how can we prevent rancidity?
Asked by | 12th May, 2008, 02:31: PM
Antioxidants are often added to fat-containing foods in order to retard the development of rancidity due to oxidation. Natural anti-oxidants include flavonoids, polyphenols, ascorbic acid (vitamin C) and tocopherols (vitamin E). Synthetic antioxidants include butylated hydroxyanisole (BHA), butylated hydroxytoluene (BHT), propyl 3,4,5-trihydroxybenzoate also known as propyl gallate and ethoxyquin. The natural antioxidants tend to be short-lived, so synthetic antioxidants are used when a longer shelf-life is preferred. The effectiveness of water-soluble antioxidants is limited in preventing direct oxidation within fats, but is valuable in intercepting free-radicals that travel through the watery parts of foods. A combination of water-soluble and fat-soluble antioxidants is ideal, usually in the ratio of fat to water.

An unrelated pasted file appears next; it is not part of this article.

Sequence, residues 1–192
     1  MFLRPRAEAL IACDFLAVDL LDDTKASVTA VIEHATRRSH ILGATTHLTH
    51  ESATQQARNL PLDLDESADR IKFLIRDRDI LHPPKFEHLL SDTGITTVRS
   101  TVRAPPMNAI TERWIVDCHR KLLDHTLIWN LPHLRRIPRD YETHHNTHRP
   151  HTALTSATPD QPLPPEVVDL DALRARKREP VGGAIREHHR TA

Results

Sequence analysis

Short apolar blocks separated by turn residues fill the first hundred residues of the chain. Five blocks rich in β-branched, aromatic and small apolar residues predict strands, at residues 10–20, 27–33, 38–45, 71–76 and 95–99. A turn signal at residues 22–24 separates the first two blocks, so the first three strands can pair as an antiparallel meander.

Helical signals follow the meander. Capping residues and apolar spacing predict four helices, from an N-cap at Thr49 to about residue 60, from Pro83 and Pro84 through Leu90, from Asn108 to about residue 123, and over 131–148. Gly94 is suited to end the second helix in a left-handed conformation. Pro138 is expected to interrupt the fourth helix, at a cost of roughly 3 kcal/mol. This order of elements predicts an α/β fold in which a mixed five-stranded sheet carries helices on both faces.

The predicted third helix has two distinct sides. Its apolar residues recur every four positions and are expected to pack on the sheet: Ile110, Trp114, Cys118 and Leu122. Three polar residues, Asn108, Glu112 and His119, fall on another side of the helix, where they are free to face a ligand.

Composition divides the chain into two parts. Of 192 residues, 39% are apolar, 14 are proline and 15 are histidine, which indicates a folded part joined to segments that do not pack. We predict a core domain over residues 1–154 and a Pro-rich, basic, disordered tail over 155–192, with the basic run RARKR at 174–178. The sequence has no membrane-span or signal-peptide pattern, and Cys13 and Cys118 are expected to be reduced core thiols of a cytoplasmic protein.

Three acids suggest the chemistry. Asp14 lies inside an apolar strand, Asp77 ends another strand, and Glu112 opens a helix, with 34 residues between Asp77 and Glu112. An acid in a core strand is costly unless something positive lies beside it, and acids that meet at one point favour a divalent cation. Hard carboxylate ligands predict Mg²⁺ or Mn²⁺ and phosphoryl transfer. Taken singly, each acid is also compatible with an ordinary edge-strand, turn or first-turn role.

In addition, rancidification can be decreased, but not completely eliminated, by storing fats and oils in a cool, dark place with little exposure to oxygen or free-radicals, since heat and light accelerate the rate of reaction of fats with oxygen.
Answered by | 14th Jun, 2008, 06:58: AM
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